FRIDAY, FEBRUARY 17 – Attend a noon English discussion with We Crave Blood artist Noam Toran and curator Maya Bamberger at the aforementioned Raw Art Gallery (Shown until Saturday, March 25). Inspired by the personal history of Toran, who grew up in the Chihuahuan desert that stretches between Mexico and Texas, the installation means to explore “the staging Anglo-European civilizational reproduction and rebirth.”
NORTHERN NEGEV, LAHAV FOREST
Visit the opening of Interventions at the Museum of Bedouin Culture at 5 p.m. on Thursday, February 23. Curated by Liat Yehuda, the works shown are the result of a unique course offered to Jewish and Bedouin young people by artists Eytan Shouker and Rubah Al Farawneh.
The Bedouin youth study at Desert Stars, a Lahav-based leadership program, also includes options for women and those above the age of 20. The Jewish youth study at the Arabic department of Mevoot HaNegev High school at Kibbutz Shoval. This exhibition follows Clan and Commune, also curated by Yehuda, which closed at the beginning of the year.
The entrance to the forest is free. Opening hours of the museum are Sunday to Thursday from 8:30 a.m. to 3:30 p.m. To learn more about organized tours and precise details on how to drive to the museum, phone 08-991-3322 or visit: https://joealon.org.il.
The Palestinian Museum is located in Area B, which means Israelis cannot visit. Those who are citizens of other countries and speak Arabic well might enjoy attending a guided tour at 1 p.m. on Tuesday, February 28.
Focused on the exhibition A People by the Sea: Narratives from the Palestinian Coast curated by Inass Yassin, this is a chance to explore the history of Acre and Jaffa from an Arab perspective. The exhibition includes works by Abed Abdi, an established Haifa artist and former art critic in the Arab press (Al-Ittihad), installation and performance artist Manar Zuabi, and artist and architect Dima Srouji.
Israelis can visit Srouji’s site: www.dimasrouji.com as well as the museum’s (www.palmuseum.org) with the hope that one day, they can step through its doors and be accepted. (Museum Street, off Omar Ibn Al-Khattab Street.)
On Sunday, February 5, Sotheby’s Israel opened an exhibition of current works by artists from the African continent. Curated by Joseph Awuah-Darko (Ghana) and titled Contemporary Redefined: Africa Today, the exhibition will be open until Friday, May 5.
During a press conference, the head of Sotheby’s Modern and Contemporary African Art Department, Hannah O’Leary, said that it is impossible to dismiss a whole continent as fashion and pointed out private funding believes in current African art to the extent it sponsors museums and art institutions. One such case is the Zinsou Foundation, which is behind the first contemporary art museum in Africa, the Zinsou Foundation Museum of African Art, which opened in Ouidah, Benin, a decade ago.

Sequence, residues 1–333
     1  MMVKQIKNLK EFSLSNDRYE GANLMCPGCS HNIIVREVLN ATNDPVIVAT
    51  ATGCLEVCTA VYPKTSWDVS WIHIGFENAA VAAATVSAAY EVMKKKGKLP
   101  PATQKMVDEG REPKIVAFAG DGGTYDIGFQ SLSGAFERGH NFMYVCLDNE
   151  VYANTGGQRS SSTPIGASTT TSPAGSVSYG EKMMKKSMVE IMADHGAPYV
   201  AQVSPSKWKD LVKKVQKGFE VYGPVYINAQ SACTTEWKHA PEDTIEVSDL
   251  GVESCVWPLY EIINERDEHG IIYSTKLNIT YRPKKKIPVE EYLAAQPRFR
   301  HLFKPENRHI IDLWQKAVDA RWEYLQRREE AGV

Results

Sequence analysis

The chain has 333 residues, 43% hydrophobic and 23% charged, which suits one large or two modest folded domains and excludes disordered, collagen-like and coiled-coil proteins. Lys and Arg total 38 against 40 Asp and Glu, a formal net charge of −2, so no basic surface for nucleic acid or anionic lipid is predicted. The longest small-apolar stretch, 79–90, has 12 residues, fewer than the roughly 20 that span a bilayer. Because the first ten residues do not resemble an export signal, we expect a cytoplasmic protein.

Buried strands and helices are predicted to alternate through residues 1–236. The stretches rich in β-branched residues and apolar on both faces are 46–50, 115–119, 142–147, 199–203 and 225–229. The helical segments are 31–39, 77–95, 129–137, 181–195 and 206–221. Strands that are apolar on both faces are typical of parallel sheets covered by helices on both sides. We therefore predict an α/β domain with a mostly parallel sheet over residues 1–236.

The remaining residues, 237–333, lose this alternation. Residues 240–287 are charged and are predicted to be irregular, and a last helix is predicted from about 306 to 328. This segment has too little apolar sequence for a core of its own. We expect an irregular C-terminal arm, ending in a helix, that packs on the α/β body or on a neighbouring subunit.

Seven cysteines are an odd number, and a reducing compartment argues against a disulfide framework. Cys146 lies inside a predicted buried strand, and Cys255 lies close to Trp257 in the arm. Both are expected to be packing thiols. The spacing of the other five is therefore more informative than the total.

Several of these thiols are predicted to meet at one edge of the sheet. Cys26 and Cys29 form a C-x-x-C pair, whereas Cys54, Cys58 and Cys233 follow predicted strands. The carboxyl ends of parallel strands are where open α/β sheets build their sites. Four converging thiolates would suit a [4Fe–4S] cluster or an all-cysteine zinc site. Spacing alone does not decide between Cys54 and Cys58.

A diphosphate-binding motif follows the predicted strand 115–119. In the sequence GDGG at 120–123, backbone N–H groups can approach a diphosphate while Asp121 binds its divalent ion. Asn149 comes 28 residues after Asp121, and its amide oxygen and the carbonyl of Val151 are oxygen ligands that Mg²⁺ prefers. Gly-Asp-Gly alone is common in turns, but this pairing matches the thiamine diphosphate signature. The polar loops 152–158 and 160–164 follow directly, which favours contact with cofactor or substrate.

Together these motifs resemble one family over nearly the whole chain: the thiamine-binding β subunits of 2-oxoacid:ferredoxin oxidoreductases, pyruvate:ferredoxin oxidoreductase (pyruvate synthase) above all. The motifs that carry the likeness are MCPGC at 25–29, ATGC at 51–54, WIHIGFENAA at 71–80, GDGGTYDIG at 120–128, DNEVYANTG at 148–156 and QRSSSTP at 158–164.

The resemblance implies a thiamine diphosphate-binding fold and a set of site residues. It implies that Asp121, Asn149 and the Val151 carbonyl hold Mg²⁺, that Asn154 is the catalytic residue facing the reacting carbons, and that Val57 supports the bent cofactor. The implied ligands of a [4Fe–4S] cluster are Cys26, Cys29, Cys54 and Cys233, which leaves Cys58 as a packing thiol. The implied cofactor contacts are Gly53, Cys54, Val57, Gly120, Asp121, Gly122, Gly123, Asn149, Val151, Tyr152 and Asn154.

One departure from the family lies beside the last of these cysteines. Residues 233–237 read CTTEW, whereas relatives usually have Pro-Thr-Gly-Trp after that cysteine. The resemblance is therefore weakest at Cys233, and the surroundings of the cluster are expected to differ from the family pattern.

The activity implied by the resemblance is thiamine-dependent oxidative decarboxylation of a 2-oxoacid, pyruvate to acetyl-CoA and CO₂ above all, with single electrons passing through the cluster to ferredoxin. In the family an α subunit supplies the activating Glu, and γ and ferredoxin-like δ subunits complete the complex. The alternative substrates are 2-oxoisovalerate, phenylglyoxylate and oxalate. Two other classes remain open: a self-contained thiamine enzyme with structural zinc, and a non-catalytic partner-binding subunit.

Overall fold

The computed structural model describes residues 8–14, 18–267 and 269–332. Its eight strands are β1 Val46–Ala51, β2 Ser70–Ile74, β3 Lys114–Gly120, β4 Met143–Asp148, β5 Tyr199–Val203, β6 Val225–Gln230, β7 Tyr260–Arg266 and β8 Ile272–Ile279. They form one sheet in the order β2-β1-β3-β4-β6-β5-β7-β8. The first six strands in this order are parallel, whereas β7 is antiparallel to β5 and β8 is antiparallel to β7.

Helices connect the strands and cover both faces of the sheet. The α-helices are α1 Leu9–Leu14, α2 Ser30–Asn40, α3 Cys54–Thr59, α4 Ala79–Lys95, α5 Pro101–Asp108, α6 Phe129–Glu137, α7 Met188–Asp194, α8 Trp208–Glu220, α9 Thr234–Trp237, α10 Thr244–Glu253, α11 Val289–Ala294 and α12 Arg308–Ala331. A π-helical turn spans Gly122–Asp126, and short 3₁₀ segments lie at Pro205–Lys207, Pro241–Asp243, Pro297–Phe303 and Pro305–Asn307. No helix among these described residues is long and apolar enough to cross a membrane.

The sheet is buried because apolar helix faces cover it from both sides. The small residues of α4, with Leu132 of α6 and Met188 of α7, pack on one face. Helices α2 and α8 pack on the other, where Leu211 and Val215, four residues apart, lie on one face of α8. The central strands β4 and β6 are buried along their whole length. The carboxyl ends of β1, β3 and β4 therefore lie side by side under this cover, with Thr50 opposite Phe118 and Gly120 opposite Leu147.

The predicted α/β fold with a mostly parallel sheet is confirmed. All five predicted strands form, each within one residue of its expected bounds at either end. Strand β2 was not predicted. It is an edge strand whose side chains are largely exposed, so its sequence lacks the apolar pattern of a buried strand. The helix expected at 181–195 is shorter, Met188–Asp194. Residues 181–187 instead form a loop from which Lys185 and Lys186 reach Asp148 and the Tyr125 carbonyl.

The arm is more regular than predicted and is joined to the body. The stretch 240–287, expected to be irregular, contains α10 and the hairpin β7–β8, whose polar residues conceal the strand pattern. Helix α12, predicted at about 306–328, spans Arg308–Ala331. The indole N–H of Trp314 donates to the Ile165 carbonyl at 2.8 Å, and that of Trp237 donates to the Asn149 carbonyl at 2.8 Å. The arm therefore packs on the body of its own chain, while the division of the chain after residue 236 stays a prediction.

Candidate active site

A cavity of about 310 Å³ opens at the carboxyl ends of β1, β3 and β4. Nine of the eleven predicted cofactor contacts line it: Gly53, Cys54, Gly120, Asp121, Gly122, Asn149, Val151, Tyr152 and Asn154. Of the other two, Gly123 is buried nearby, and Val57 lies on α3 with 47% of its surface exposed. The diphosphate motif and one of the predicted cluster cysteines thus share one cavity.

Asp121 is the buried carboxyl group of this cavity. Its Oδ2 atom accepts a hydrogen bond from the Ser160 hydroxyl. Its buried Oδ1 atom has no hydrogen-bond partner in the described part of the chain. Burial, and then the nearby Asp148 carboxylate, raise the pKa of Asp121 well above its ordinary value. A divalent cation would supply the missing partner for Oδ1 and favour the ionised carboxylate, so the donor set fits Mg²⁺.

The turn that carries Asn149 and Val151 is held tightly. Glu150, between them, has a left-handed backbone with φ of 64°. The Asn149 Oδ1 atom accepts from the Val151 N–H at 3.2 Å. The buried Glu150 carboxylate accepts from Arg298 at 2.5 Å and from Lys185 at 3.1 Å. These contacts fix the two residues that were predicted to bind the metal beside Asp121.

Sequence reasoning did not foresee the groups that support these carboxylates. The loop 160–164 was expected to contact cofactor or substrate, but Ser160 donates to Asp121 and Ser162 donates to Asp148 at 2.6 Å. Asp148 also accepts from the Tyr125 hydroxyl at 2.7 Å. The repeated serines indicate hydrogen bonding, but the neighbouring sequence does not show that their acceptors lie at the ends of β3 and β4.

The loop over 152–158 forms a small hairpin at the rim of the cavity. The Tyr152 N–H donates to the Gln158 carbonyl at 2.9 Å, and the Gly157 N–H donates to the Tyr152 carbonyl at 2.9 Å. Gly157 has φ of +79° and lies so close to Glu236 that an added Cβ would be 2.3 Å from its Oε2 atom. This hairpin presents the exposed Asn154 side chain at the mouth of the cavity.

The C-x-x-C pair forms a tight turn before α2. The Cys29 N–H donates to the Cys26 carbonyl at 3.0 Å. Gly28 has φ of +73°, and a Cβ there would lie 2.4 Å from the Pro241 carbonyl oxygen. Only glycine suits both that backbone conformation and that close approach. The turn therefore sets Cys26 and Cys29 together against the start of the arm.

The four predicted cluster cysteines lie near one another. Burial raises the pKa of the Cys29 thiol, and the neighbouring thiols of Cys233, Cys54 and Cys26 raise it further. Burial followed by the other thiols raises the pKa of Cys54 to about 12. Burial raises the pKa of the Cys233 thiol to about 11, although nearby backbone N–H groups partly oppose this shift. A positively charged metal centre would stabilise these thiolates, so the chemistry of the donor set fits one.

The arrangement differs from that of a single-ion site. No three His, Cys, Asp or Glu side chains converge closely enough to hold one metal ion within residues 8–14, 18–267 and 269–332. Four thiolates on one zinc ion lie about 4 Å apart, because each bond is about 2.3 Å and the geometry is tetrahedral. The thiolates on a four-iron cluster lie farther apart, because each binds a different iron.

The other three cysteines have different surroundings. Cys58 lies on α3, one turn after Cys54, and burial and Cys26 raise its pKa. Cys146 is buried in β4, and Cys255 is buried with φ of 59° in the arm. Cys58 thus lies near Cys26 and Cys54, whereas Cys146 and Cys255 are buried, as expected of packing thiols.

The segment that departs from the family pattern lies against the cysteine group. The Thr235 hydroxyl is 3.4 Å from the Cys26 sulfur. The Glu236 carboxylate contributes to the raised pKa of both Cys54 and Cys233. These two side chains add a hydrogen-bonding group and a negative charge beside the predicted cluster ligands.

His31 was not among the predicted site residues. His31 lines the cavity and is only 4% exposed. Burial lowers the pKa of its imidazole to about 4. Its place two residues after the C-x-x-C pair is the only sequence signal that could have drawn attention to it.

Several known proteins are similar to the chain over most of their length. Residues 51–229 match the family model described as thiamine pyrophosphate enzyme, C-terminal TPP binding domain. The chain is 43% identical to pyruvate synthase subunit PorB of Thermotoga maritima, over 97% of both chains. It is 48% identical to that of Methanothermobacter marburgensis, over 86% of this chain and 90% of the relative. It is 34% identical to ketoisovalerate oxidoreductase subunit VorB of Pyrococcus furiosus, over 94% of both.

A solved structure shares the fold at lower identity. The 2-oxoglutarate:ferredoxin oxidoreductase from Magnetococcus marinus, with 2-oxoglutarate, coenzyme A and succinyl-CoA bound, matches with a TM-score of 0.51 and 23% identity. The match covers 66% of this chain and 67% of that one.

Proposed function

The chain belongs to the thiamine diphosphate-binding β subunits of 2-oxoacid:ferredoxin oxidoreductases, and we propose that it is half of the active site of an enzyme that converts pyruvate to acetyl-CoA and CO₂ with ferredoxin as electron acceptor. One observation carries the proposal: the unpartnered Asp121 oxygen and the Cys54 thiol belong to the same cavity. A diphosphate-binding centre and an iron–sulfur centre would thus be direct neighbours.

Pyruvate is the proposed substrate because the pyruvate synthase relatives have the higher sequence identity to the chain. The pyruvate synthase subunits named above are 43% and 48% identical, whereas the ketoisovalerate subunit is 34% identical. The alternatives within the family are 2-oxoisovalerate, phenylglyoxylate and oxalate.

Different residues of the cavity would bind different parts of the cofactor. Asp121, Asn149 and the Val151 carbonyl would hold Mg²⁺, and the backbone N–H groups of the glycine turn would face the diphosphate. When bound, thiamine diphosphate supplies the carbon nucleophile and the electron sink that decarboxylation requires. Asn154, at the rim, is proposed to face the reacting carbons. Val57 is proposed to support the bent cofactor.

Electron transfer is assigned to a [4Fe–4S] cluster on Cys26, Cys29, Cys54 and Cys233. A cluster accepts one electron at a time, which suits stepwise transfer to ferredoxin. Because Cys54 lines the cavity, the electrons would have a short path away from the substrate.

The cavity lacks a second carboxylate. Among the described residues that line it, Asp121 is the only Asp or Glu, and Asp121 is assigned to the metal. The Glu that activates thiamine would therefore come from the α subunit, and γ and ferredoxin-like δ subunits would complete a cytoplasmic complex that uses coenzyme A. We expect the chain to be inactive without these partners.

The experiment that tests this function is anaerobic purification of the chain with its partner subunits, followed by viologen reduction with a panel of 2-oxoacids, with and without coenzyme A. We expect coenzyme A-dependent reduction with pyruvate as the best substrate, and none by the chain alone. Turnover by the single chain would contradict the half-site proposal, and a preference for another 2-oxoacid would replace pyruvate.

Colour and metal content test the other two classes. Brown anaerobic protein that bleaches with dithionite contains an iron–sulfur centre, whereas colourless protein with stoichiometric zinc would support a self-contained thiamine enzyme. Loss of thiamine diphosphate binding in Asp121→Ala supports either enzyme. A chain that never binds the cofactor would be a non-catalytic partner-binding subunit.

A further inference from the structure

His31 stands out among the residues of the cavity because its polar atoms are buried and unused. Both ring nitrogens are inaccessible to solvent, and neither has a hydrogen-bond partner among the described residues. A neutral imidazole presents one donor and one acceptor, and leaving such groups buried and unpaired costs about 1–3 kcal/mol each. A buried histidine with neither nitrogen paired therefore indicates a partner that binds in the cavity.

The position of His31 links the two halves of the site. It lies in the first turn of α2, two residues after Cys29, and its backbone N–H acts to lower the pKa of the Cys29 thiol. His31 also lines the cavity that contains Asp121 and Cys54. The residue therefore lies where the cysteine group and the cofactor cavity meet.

“You can find everything in Africa,” she added, “from ceramics to photography.”
Awuah-Darko noted that during the COVID-imposed hiatus on art fairs, more and more people turned to the internet to find new art. This gave quite a boost to the interest in current art produced in the continent and the African diaspora.
This could be a starting point for Israeli collectors seeking to expand their collection, as the experience of diaspora is shared by both Jewish people and those who have their roots in Africa.
“The formation of a diaspora could be articulated as the quintessential journey of becoming,” curator Okwui Enwezor (Nigeria) said.
The managing director of Sotheby’s Israel, Sigal Mordechai, looking regal in her gold necklace, thanked the reporters and expressed her hope that thanks to the space she runs, more private collectors here would wish to share their collection with the public. (6 Rothschild Blvd, Tel Aviv).
• THE LOCAL art scene was heartbroken when news broke on social media on Monday that the Haifa studio of late artist Gershon Knispel was emptied out and many works by the late painter were placed in the street to be soaked in the pouring rain and thrown to the city dump.
The artist passed away five years ago and split his life between Brazil and Israel. He was one of the few artists here who did large-scale Socialist Realism works, among them, the massive 1953 painting, The Signing of the Acre Peace Petition.
Curator Belu-Simion Fainaru expressed his sorrow when he commented he felt great pain when facing the thought that here “there is no value to culture, art... and to collective memory.”
Haifa-based artist Abed Abdi shared photographs documenting the long history he and the artist shared. “You were giants together,” a mutual friend wrote, “and a giant you remain.”
Art Roundup is a monthly glance at some of the finest art exhibitions currently being shown across the country. Artists, curators and collectors are welcome to send pitches to email@example.com with “Art Roundup” in the email subject.